Why is Deep Learning better than Machine Learning?

Feature Extraction

The first advantage of Deep Learning over machine learning is the needlessness of the so-called Feature Extraction.

Long before deep learning was used, traditional machine learning methods were popular, such as Decision Trees, SVM, Naïve Bayes Classifier and Logistic Regression. These algorithms are also called “flat algorithms”.

Flat means here that these algorithms can not normally be applied directly to the raw data (such as .csv, images, text, etc.). We require a preprocessing step called Feature Extraction.

The result of Feature Extraction is an abstract representation of the given raw data that can now be used by these classic machine learning algorithms to perform a task. For example, the classification of the data into several categories or classes.

Feature Extraction is usually pretty complicated and requires detailed knowledge of the problem domain. This step must be adapted, tested and refined over several iterations for optimal results.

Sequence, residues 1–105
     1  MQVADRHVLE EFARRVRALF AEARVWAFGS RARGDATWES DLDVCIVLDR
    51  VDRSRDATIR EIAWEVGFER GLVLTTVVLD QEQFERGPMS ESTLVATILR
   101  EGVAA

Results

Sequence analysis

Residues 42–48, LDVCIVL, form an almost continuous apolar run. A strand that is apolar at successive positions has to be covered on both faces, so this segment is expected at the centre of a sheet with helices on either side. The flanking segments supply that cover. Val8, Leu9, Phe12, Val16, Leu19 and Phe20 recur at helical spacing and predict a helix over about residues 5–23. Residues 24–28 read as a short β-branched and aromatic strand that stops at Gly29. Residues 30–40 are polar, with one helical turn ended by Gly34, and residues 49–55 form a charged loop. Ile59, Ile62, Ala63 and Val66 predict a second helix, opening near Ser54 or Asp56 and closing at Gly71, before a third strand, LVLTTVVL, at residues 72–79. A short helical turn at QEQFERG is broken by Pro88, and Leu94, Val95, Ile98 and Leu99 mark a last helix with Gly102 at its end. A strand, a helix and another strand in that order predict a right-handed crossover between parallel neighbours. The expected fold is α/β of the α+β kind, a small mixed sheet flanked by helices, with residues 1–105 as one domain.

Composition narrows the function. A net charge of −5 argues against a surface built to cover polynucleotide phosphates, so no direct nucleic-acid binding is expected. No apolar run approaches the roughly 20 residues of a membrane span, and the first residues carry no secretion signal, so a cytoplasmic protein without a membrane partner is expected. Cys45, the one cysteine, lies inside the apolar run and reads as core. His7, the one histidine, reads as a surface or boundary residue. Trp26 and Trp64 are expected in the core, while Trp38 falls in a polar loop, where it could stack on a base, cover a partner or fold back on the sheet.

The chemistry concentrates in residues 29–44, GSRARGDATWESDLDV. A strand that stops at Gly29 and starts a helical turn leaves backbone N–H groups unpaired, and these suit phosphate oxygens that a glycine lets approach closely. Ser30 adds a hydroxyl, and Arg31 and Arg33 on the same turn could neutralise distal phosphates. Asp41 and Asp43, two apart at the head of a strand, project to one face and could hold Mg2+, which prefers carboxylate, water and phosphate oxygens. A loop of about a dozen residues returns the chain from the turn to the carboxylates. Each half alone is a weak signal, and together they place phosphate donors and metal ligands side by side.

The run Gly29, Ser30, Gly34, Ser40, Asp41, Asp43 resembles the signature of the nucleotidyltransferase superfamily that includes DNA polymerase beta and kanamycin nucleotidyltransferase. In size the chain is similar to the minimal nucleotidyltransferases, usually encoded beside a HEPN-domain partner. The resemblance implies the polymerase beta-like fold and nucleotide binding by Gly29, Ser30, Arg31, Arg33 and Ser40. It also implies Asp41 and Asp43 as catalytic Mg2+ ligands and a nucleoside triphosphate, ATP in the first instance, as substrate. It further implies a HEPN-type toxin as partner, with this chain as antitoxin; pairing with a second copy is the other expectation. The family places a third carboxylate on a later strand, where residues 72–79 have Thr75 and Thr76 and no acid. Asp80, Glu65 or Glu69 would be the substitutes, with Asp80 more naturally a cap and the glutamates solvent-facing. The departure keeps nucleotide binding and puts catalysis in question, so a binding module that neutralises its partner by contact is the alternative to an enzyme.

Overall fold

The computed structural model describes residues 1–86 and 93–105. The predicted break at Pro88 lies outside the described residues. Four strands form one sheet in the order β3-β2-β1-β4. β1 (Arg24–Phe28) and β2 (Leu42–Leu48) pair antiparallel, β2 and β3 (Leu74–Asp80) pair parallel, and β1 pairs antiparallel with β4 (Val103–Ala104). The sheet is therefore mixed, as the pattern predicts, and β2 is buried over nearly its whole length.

On the other side are the artificial neural networks. These do not require the step of feature extraction. The layers are able to learn an implicit representation of the raw data directly on their own.

Here, a more and more abstract and compressed representation of the raw data is produced over several layers of an artificial neural network. This compressed representation of the input data is then used to produce the result. The result can be, for example, the classification of the input data into different classes.

In other words, we can also say that the feature extraction step is already a part of the process that takes place in an artificial neural network. During the training process, this step is also optimized by the neural network to obtain the best possible abstract representation of the input data. This means that the models of deep learning thus require little to no manual effort to perform and optimize the feature extraction process.